The right to vote is meant to be the great equalizer, but that equality only has meaning if we have equal access to the ballot box. Unfortunately, narrow windows for participation, outdated voting practices and New Jersey’s failure to take advantage of technology create unnecessary hurdles for far too many New Jerseyans and limit full participation in our democracy.
New Jersey ranks 39th in the nation in both percentage of eligible voters registered and percentage of registered voters who actually vote. This June just 5% of registered voters turned out for New Jersey’s primary elections. In the 2014 general election our state ranked among the 10 lowest performing states for voter participation. Even worse, a staggering 1.6 million eligible New Jerseyans are not even registered to vote.
The New Jersey Citizen Action Education Fund is working to educate policymakers on the need to modernize New Jerseys’ voting laws through policies like the New Jersey Democracy Act, S50/A4613, which would create a system of automatic voter registration modeled after Oregon’s program. Qualified residents who apply for or renew licenses at their local DMV would be automatically registered unless they chose to opt-out.
The Democracy Act would further modernize voter registration by allowing people to register to vote and correct their voting information online. This common sense measure offers convenience for voters, helps clean up our state’s voter rolls, and saves election officials time and money while protecting the franchise of all eligible New Jersey voters.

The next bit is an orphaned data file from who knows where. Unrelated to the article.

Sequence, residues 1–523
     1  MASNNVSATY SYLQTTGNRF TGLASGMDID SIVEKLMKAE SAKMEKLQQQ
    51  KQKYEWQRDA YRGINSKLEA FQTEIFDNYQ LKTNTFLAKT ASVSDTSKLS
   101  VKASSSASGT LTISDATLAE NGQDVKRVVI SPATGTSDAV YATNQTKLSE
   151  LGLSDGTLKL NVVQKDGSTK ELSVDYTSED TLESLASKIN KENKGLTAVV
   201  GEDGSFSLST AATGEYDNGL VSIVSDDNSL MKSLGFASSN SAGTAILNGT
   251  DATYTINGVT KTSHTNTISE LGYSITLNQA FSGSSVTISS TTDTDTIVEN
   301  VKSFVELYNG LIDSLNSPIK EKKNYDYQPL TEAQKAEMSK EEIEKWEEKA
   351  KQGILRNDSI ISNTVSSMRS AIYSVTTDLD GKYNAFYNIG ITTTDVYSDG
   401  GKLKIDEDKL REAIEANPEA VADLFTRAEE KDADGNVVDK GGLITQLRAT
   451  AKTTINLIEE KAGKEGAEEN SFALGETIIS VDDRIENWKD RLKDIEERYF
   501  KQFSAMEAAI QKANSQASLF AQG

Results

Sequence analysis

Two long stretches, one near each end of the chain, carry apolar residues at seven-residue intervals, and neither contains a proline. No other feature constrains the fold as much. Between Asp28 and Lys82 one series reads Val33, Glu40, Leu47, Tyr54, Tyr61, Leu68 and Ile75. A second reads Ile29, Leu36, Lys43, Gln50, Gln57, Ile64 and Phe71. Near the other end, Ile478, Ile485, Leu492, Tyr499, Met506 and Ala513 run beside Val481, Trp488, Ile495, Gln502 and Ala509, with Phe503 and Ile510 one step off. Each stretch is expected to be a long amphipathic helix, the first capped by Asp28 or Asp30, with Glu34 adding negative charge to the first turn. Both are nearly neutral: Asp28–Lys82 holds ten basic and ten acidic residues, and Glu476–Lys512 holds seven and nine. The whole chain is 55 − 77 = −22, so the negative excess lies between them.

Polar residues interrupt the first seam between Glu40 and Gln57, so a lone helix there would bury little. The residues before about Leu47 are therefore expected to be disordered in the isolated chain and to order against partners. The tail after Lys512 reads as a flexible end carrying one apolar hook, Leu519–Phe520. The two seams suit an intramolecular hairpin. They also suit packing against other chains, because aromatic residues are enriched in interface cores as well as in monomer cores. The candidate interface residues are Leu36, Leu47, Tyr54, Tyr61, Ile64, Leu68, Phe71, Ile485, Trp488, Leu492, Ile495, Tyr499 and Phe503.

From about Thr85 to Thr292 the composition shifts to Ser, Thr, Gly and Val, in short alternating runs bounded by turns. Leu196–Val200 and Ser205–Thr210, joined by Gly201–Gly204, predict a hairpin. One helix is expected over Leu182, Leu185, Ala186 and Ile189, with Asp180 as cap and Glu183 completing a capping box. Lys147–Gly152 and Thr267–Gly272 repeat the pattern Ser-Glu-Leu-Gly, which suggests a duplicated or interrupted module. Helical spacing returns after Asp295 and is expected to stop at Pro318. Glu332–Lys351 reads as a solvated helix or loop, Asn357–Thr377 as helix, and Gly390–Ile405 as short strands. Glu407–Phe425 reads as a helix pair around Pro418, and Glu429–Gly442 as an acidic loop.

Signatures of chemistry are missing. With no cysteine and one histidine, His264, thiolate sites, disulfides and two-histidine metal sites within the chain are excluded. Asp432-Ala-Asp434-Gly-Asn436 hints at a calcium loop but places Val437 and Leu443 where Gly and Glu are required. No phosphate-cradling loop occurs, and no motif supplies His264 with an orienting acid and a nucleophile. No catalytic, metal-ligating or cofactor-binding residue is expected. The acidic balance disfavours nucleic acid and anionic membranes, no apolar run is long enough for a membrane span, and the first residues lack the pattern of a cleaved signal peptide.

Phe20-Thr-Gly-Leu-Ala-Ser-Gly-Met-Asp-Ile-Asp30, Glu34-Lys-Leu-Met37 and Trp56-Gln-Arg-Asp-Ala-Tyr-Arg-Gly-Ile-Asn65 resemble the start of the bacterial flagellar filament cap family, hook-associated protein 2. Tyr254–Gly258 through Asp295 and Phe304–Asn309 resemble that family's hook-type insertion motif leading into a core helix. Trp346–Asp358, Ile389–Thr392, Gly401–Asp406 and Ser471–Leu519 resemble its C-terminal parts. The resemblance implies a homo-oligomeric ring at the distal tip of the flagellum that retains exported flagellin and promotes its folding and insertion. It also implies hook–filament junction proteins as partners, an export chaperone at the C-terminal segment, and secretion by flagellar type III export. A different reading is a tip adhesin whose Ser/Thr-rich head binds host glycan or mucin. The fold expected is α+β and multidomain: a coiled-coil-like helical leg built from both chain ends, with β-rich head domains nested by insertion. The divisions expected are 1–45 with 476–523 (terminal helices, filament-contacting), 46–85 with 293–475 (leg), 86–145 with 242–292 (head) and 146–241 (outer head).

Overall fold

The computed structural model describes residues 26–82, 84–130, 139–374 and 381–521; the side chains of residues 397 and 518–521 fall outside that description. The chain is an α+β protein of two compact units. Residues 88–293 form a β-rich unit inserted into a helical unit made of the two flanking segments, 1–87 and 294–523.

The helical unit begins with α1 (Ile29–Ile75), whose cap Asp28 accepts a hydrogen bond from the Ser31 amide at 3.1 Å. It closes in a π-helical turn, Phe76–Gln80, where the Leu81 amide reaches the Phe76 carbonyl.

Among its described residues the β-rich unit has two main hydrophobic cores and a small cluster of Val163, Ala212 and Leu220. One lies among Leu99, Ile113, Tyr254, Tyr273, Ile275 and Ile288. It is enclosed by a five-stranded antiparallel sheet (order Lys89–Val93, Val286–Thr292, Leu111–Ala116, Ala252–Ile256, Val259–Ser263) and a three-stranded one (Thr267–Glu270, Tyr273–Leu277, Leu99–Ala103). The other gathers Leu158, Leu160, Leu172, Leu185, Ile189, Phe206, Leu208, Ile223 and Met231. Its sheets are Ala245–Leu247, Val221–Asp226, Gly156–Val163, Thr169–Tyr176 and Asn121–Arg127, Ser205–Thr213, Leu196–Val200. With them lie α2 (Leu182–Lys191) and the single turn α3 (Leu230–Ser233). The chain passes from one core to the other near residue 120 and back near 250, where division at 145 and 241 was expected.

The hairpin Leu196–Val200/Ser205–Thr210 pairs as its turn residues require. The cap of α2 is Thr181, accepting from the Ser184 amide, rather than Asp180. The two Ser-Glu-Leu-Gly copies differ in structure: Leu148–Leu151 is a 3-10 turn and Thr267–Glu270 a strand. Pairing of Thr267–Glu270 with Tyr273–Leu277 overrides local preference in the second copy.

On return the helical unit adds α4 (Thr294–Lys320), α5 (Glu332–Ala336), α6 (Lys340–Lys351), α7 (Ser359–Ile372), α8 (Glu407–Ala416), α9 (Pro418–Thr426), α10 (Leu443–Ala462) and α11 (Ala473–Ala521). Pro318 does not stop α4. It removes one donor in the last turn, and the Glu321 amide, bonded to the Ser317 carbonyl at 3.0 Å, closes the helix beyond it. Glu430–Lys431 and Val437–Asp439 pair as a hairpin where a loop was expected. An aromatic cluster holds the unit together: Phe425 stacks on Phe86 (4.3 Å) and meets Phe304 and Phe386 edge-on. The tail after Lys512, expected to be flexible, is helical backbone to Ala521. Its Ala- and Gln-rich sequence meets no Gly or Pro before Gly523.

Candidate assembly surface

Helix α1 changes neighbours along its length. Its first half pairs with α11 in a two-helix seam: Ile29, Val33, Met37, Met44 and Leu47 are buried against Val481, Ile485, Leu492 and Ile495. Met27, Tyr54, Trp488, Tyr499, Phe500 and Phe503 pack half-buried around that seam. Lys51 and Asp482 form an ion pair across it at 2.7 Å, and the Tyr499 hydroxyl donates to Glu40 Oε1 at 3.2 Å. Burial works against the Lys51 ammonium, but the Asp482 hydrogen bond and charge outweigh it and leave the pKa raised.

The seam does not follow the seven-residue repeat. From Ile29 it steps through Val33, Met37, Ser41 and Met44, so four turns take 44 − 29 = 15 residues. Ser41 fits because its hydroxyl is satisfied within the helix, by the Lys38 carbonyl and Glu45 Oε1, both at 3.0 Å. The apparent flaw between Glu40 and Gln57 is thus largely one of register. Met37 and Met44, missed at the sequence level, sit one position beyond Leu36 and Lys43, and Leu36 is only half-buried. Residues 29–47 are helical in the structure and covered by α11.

The Democracy Act also includes a number of measures that will make voting more convenient for NJ’s diverse working families. By expanding early voting, we can make sure that going to work, caring for a sick child, or getting stuck in a traffic jam is no barrier to our franchise. By expanding access for military and overseas voters, we can make sure that the people protecting our democracy have a full say in it. And by printing ballots in languages that reflect our communities, we can make voting accessible to everyone in our diverse state.
Other states across this nation, recognizing poor participation at the ballot box undermines trust in government, have modernized voting procedures and seen increased participation as a result.